Congratulations to both Ian and Kay!

Thursday, January 10, 2008

io9.com and Borderlands Books

If I was on the fence about Gawker's new io9.com blog, this piece on Borderlands Books has put me over the edge. This kind of support for /shout out to independent booksellers is fantastic. And Borderlands is the perfect store to kick it off. When I lived in San Francisco, I made a point of going weekly, and really miss the readings there.

But I wasn't really on the fence, after reading this from editor Annalee Newitz: “We don’t see it as a niche entertainment site. We see it as a pop culture site. So much of our mainstream culture is now talked about and thought about in science-fictional terms. I think that’s why people like William Gibson and Brian Aldiss are saying there’s no more science fiction because we are now living in the future. The present is thinking of itself in science-fictional terms. You get things like George Bush taking stem cell policy from reading parts of Brave New World. That’s part of what we are playing with. We are living in world that now thinks of itself in terms of sci-fi and in terms of the future.”

Stargate, the People and Me

So, congratulations to Joseph Mallozzi, as Stargate: Atlantis has just won The People's Choice Award.

And thank you to Joseph Mallozzi's fans, as Fast Forward 1: Future Fiction from the Cutting Edgewas just chosen by his people as their choice as the SF selection in his book club. Which is very nice.

Here are the relevant bits.

Meanwhile, as readers of this blog will know, I often bemoan the discrepancies between SF literature and cinema, so I'm delighted to know that Joseph is such an avid and informed reader of science fiction and fantasy books. If everyone in Hollywood were like him, we'd have a much different industry.

Wednesday, January 09, 2008

Mind Meld: Today's SF Authors Define Science Fiction (Part 1)

Another great Mind Meld from SFSignal. I'm not in "Today's SF Authors Define Science Fiction (Part 1)", but you know it's a topic near and dear to me. Best answers this time out are by Matthew Jarpe, Chris Roberson, Adam Roberts, and Paul Di Filippo. By "best" I mean most useful, to me, in my subjective opinion and for my own purposes in articulating why I work in this field and not in the mystery/thriller genre or something else. Which is not to disagree with those who describe SF as a marketing category, or a nonexistent territory, or a set of fun props. Because, as John Scalzi points out, it is all those things too, and rises above them on a case by case basis solely on the skill level and intent of its practitioner.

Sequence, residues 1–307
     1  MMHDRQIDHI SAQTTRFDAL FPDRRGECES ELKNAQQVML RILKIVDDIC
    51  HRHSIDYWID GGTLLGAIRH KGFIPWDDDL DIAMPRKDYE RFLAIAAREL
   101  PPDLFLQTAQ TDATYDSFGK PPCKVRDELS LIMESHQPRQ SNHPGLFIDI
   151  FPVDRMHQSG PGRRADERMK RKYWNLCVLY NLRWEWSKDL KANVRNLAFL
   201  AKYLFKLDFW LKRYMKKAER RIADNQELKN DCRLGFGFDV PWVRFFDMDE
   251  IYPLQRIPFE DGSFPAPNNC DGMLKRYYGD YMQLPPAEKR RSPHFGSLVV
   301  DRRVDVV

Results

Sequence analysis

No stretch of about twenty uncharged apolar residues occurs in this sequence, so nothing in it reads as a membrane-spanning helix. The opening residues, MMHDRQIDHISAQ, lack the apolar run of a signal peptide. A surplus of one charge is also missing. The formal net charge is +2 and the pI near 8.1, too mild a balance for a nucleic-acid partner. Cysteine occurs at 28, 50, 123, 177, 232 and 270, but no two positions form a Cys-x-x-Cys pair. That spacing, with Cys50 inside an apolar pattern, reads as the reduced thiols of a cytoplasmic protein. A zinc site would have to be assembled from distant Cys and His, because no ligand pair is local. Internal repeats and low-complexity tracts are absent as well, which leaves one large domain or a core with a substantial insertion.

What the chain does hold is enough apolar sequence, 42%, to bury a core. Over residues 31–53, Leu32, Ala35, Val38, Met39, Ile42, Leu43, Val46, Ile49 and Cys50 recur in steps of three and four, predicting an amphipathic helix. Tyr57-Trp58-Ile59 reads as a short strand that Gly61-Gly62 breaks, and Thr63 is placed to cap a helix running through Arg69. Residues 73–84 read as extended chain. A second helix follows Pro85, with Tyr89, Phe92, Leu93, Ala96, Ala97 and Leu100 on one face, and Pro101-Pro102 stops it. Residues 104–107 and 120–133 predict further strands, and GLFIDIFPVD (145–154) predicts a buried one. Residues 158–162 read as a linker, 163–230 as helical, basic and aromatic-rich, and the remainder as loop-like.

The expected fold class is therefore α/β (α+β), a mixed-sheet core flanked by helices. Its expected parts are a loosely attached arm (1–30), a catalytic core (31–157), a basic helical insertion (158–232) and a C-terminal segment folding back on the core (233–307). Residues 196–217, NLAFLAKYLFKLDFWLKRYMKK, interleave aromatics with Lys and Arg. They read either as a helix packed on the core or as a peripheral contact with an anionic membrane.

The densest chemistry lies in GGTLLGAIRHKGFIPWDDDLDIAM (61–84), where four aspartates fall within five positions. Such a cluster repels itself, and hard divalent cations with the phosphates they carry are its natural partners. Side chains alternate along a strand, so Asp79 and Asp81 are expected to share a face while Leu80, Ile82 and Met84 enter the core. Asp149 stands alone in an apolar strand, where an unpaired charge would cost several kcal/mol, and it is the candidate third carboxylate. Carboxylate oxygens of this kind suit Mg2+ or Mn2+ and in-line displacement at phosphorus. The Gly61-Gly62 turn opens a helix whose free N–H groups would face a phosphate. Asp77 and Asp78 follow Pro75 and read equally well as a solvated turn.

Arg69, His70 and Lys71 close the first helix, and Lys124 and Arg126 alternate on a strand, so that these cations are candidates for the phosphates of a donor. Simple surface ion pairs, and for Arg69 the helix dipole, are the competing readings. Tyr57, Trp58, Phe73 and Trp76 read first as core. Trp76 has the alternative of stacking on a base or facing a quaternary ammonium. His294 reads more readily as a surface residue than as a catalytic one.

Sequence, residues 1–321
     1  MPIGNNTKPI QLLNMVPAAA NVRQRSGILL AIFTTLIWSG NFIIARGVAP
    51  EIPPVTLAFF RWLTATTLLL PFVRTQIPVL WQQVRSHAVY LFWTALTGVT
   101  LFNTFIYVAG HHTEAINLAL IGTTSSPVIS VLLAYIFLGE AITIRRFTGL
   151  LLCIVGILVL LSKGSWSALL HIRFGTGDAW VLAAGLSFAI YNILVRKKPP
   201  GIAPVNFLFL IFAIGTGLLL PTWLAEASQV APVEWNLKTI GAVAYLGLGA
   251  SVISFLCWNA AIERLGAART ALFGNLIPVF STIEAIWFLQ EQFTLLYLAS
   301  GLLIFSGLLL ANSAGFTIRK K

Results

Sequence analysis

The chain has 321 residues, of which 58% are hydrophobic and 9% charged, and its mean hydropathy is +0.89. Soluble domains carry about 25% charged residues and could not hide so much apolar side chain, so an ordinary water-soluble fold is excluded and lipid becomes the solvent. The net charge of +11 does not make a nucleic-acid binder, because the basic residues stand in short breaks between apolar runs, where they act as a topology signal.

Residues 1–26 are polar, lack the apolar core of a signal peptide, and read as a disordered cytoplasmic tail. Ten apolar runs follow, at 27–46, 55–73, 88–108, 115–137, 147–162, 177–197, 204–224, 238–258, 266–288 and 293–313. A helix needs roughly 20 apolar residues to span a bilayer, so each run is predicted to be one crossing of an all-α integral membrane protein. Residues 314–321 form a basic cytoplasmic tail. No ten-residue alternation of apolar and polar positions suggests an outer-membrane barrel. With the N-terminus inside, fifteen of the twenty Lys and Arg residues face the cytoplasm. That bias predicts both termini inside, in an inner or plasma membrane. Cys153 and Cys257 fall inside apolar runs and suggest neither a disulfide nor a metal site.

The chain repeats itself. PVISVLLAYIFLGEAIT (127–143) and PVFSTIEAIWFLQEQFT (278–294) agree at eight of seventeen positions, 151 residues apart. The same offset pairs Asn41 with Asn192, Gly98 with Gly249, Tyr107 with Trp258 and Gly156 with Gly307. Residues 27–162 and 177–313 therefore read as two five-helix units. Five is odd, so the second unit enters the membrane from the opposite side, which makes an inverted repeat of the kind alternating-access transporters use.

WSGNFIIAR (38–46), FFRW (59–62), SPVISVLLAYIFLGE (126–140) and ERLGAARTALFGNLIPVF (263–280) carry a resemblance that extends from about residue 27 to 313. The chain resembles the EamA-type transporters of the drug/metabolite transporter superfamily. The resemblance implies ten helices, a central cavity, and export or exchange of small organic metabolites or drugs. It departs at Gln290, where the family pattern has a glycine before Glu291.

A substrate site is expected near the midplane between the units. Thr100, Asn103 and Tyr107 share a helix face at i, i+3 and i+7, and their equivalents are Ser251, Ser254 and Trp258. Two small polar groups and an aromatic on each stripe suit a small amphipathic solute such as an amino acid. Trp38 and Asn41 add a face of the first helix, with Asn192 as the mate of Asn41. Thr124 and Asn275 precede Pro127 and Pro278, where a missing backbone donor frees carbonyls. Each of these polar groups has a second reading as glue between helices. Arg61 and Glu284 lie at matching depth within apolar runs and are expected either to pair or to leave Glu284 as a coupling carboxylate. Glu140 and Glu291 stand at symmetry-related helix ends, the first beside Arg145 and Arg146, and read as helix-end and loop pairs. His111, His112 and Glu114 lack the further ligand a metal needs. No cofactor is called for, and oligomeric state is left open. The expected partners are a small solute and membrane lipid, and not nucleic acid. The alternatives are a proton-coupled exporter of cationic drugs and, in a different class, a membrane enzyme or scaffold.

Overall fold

You can probably guess how I feel about this, "There's nothing special about science fiction, just as there's nothing special about any other movement or genre out there." But I'm working on both a talk I have to give at the end of this month on this very topic, AND the introduction for Fast Forward 2, so I'll save my response/energy for those.

PKD, I Love You

I woke up to some big news this morning. Adam Roberts' Gradisilhas been short-listed for the Philip K. Dick Award. This is fantastic, and utterly deserved - I've been a big fan of Adam's long before I edited him, and I'm absolutely thrilled.

Also very happy for my friends Sean Williams and Elizabeth Bear, and my new friend Jon Armstrong. I read Grey last year and loved it. Congrats to everybody!

Here's the full press release:

2007 Philip K. Dick Award Nominees Announced

The judges of the 2007 Philip K. Dick Award and the Philadelphia SF Society are pleased to announce seven nominated works that comprise the final ballot for the award:

GREY by Jon Armstrong (Night Shade Books)
UNDERTOW by Elizabeth Bear (Bantam Spectra)
FROM THE NOTEBOOKS OF DR. BRAIN by Minister Faust (Del Rey)
NOVA SWING by M. John Harrison (Bantam Spectra)
GRADISIL by Adam Roberts (Pyr)
ALLY by Karen Traviss (Eos)
SATURN RETURNS by Sean Williams (Ace Books)

First prize and any special citations will be announced on Friday, March 21, 2008 at Norwescon 31 at the Doubletree Hotel Seattle Airport, SeaTac, Washington.

The Philip K. Dick Award is presented annually with the support of the Philip K. Dick Trust for distinguished science fiction published in paperback original form in the United States. The award is sponsored by the Philadelphia Science Fiction Society and the award ceremony is sponsored by the NorthWest Science Fiction Society. Last year's winner was SPIN CONTROL by Chris Moriarty (Bantam Spectra) with a special citation to CARNIVAL by Elizabeth Bear
(Bantam Spectra). The 2007 judges are Steve Miller, Chris Moriarty (chair), Steven Piziks, Randy Schroeder, Ann Tonsor Zeddies.

For more information, contact the award administration:
David G. Hartwell (914) 769-5545.
Gordon Van Gelder (201) 876-2551
For more information about the Philadelphia Science Fiction Society,
Contact Gary Feldbaum (215) 563-2511
For more information about Norwescon: http://www.norwescon.org/:
Contact NorthWest SF Society: (360) 438-0871

Monday, January 07, 2008

Michael Moorcock: 50th Greatest Post-war British Author